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Ambassador Carlos Salinas: Quarantine and the seafarer

Quarantine and the seafarer
Ambassador Carlos Salinas March 25, 2020

The concept of quarantine has always been associated with shipping. The practice began in the 14th century to protect coastal cities from plague epidemics. Ships arriving in Venice from infected ports were required to sit at anchor for 40 days before landing. This practice, called quarantine, was derived from the Italian words quarantagiorni, meaning 40 days.

The practice continued through the years, as protection against yellow fever, cholera, severe acute respiratory syndrome, viral hemorrhagic fevers and other communicable diseases.

Today, we are again experiencing quarantine and it involves not just one or two ships, but many countries worldwide. As of this writing, the coronavirus disease 2019 (Covid-19) has infected over 340,000 people globally, more than 14,000 of whom have not survived and over 99,000 have recovered. In an effort to contain the spread, drastic quarantine regulations have been issued by national and local government entities worldwide.

he maritime industry has been quick to respond. Several international maritime events have been either cancelled or postponed, such as the 27th Annual International Maritime Hall of Fame Dinner, conferences planned by Women’s International Shipping and Trading Association, and others.

For his part, International Maritime Organization (IMO) Secretary-General Kitack Lim issued a statement stressing the need to maintain commerce by sea and protect seafarers’ welfare in the face of the Covid-19 shut down. “The spread of the coronavirus has placed the entire world in an unprecedented situation,” he said. “To slow the spread of the disease and mitigate its impacts, travel is being curtailed and borders are being closed. Transport hubs are being affected. Ports are being closed and ships denied entry.”

He added that the times call for “the ability for shipping services and seafarers to deliver vital goods, including medical supplies and foodstuffs…It is, therefore, crucially important that the flow of commerce by sea should not be unnecessarily disrupted. At the same time, the safety of life at sea and protection of the marine environment must also remain paramount.”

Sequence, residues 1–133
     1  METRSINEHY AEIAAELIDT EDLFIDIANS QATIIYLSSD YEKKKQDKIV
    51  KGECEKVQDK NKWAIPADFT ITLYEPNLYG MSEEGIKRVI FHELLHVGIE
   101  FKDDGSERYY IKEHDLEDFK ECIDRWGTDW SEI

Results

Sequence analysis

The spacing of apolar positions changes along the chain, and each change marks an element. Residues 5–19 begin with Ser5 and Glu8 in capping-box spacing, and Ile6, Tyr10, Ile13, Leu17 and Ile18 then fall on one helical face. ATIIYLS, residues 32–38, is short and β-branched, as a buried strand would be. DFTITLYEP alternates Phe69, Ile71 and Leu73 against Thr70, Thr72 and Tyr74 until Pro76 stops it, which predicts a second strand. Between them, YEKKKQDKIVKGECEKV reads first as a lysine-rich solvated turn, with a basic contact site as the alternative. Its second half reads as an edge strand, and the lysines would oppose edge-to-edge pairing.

The secretary-general urged all IMO member-states to remember this when making their policy decisions with regard to Covid-19. While defeating the virus must take precedence, global trade in a safe, secure and environment-friendly manner must continue unabated.
Lim also underscored the importance of safeguarding the health and welfare of the seafarers, who continue to ensure the goods we need are delivered safely without harming the environment. They are far from home and family, and must be given all the support they need for their physical, emotional and mental wellbeing.

Meanwhile, Vice Admiral Robert Empedrad, Maritime Industry Authority (Marina) administrator, gave assurance that measures are being taken in the face of the Covid-19 outbreak without hampering the delivery of services. He also assured that the protection and safety of Filipino seafarers remain an overriding consideration. He announced new stringent measures to protect seafarers, Philippine-flagged ships and the agency’s workforce from the virulent disease.

The measures include enhanced hygiene of seafarers, doubling of precautionary measures during pre-boarding as well as on board, and promoting the agency’s online application portal for processing seafarers and shipping applications. All these are being undertaken to protect Filipino seafarers, whose competitive advantage as the primary choice in the seafaring industry must be maintained.

What this unsettling experience is beginning to teach us is the first law of ecology: everything is connected to everything else. What was an initial outbreak in one area has affected everyone in the planet, either directly or indirectly. Social distancing is an obligation. We know that some people need to go to work and we can only hope they are observing basic hygiene religiously for their own sake and their co-workers’. For those who may opt not to take the situation seriously, I invite them to heed the words of Hugh Edward Montgomery, English professor and the director of the Institute for Human Health and Performance at the University College London: “If you……don’t mind if you get the flu, remember it’s not about you – it’s about everybody else.”

This virus has been giving us hard lessons. I hope when all this is over, we shall emerge from it better persons, more compassionate and appreciative of what we have.